US5478353A (en) 1987-05-14 1995-12-26 Yoon; Inbae Suture tie device system and method for suturing anatomical tissue proximate an opening
US5486193A (en) 1992-01-22 1996-01-23 C. R. Bard, Inc. System for the percutaneous transluminal front-end loading delivery of a prosthetic occluder
US5503634A (en) 1993-04-28 1996-04-02 Christy; William J. Surgical stab wound closure device and method
US5507744A (en) 1992-04-23 1996-04-16 Scimed Life Systems, Inc. Apparatus and method for sealing vascular punctures
US5507811A (en) 1993-11-26 1996-04-16 Nissho Corporation Prosthetic device for atrial septal defect repair
US5522873A (en) 1991-12-26 1996-06-04 Webster Laboratories, Inc. Catheter having electrode with annular recess and method of using same
US5527388A (en) 1995-01-25 1996-06-18 W. R. Grace & Co.-Conn. Corrosion inhibiting formulations with calcium nitrite
US5545138A (en) 1994-02-28 1996-08-13 Medtronic, Inc. Adjustable stiffness dilatation catheter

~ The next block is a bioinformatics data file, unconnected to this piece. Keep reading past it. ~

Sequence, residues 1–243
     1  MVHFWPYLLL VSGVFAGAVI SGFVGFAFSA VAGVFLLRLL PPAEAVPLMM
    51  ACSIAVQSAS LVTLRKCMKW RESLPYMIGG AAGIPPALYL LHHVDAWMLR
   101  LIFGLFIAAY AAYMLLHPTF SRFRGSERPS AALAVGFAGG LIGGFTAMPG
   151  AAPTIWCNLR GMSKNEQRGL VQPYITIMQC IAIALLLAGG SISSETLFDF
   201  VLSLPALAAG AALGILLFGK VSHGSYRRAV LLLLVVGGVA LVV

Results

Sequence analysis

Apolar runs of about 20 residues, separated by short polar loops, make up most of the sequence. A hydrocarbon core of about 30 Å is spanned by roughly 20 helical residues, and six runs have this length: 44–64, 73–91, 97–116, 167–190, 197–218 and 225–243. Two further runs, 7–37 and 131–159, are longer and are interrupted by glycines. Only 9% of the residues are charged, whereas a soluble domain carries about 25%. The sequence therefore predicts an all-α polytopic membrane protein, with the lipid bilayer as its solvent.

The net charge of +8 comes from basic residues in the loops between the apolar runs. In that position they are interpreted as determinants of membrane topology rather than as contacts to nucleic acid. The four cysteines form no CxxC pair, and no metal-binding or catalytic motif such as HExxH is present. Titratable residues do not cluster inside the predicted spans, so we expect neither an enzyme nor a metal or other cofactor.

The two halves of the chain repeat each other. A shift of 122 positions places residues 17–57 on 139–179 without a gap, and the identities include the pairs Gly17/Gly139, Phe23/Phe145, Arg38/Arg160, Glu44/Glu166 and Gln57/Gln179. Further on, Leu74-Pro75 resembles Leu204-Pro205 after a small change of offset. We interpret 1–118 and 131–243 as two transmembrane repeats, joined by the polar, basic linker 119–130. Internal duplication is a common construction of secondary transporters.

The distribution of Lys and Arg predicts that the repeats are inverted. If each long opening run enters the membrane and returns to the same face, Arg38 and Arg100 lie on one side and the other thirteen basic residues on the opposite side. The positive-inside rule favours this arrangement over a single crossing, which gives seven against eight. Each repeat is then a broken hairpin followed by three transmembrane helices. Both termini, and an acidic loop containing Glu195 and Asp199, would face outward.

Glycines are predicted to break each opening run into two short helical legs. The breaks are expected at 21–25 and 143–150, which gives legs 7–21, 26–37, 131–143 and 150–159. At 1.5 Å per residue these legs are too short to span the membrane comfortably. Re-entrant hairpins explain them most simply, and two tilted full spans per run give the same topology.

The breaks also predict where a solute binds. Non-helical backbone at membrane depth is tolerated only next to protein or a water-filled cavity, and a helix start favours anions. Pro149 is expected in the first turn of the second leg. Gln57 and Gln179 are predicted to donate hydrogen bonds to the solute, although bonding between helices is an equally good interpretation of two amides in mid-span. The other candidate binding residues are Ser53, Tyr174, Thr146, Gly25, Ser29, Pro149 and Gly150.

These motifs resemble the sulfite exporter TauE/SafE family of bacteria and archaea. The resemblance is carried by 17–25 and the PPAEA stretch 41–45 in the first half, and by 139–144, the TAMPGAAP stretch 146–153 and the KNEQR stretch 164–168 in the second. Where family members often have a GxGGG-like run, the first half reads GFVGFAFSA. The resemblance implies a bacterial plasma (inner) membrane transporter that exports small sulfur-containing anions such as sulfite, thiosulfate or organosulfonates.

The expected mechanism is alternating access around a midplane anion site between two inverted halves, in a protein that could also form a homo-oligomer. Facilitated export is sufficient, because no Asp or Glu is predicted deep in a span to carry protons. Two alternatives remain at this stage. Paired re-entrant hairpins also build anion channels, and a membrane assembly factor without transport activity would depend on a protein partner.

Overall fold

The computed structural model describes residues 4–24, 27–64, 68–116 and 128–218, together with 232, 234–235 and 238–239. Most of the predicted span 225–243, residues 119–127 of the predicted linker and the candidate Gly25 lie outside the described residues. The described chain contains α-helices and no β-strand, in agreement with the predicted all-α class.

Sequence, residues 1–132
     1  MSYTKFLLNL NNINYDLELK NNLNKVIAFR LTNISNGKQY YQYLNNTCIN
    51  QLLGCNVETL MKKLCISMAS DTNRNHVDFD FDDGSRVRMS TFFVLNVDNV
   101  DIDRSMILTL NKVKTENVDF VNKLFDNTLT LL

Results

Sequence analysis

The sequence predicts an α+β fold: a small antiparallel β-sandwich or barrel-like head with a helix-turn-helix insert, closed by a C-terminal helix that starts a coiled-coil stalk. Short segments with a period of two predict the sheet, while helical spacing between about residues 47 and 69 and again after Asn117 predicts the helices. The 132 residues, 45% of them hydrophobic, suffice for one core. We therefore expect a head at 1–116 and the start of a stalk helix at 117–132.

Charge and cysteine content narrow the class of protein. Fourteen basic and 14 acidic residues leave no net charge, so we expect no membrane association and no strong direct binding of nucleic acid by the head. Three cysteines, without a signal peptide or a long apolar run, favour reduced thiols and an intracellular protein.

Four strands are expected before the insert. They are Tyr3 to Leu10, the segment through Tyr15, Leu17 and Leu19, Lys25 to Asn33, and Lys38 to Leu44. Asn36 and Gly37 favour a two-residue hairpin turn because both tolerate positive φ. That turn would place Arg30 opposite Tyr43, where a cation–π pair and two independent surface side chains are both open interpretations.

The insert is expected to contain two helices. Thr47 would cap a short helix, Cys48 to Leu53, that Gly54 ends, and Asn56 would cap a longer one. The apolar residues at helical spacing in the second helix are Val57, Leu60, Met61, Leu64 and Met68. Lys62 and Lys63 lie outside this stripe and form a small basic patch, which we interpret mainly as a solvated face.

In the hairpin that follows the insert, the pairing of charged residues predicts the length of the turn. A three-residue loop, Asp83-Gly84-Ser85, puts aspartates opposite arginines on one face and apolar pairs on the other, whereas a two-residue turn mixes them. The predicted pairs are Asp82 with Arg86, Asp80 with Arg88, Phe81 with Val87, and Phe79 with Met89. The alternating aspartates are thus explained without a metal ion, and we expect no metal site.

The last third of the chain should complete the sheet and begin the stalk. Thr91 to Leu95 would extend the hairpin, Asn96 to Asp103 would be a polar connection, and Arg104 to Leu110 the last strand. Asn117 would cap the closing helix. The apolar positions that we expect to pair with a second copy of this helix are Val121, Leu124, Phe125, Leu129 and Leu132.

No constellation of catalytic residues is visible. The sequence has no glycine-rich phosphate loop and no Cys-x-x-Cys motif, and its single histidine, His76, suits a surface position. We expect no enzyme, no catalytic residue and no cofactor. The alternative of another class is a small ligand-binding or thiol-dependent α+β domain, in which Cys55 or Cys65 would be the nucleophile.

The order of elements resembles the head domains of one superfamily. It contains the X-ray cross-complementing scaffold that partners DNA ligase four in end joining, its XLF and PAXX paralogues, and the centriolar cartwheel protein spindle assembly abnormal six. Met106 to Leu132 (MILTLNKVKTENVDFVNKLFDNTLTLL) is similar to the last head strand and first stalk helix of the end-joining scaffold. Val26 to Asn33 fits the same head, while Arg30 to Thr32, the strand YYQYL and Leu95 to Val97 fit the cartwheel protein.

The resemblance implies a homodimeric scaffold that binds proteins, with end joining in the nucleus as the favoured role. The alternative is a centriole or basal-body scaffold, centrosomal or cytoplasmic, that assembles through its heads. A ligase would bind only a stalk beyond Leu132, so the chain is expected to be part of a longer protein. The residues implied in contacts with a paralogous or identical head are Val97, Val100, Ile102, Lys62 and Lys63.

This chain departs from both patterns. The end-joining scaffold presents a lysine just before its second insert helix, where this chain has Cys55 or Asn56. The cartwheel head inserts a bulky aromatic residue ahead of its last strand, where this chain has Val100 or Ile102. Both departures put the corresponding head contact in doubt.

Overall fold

WO1996025179A1 (en) 1995-02-17 1996-08-22 Purdue Research Foundation Composition and method for production of transformed cells
US5548872A (en) 1984-06-20 1996-08-27 Hans Oetiker Ag Maschinen- Und Apparatefabrik Reinforced ear structure for clamps
US5554162A (en) 1994-12-02 1996-09-10 Delange; Gregory S. Method and device for surgically joining luminal structures
WO1996031157A1 (en) 1995-04-07 1996-10-10 Organogenesis, Inc. Peracetic acid crosslinked non-antigenic icl grafts
US5570671A (en) 1989-09-18 1996-11-05 The Research Foundation Of State University Of New York Method for positioning esophageal catheter for determining pressures associated with the left atrium
US5573542A (en) 1994-08-17 1996-11-12 Tahoe Surgical Instruments-Puerto Rico Endoscopic suture placement tool
US5575772A (en) 1993-07-01 1996-11-19 Boston Scientific Corporation Albation catheters
US5577299A (en) 1994-08-26 1996-11-26 Thompson; Carl W. Quick-release mechanical knot apparatus
US5582616A (en) 1994-08-05 1996-12-10 Origin Medsystems, Inc. Surgical helical fastener with applicator
US5584803A (en) 1991-07-16 1996-12-17 Heartport, Inc. System for cardiac procedures
US5601571A (en) 1994-05-17 1997-02-11 Moss; Gerald Surgical fastener implantation device
US5618311A (en) 1994-09-28 1997-04-08 Gryskiewicz; Joseph M. Surgical subcuticular fastener system
US5620461A (en) 1989-05-29 1997-04-15 Muijs Van De Moer; Wouter M. Sealing device
US5634936A (en) 1995-02-06 1997-06-03 Scimed Life Systems, Inc. Device for closing a septal defect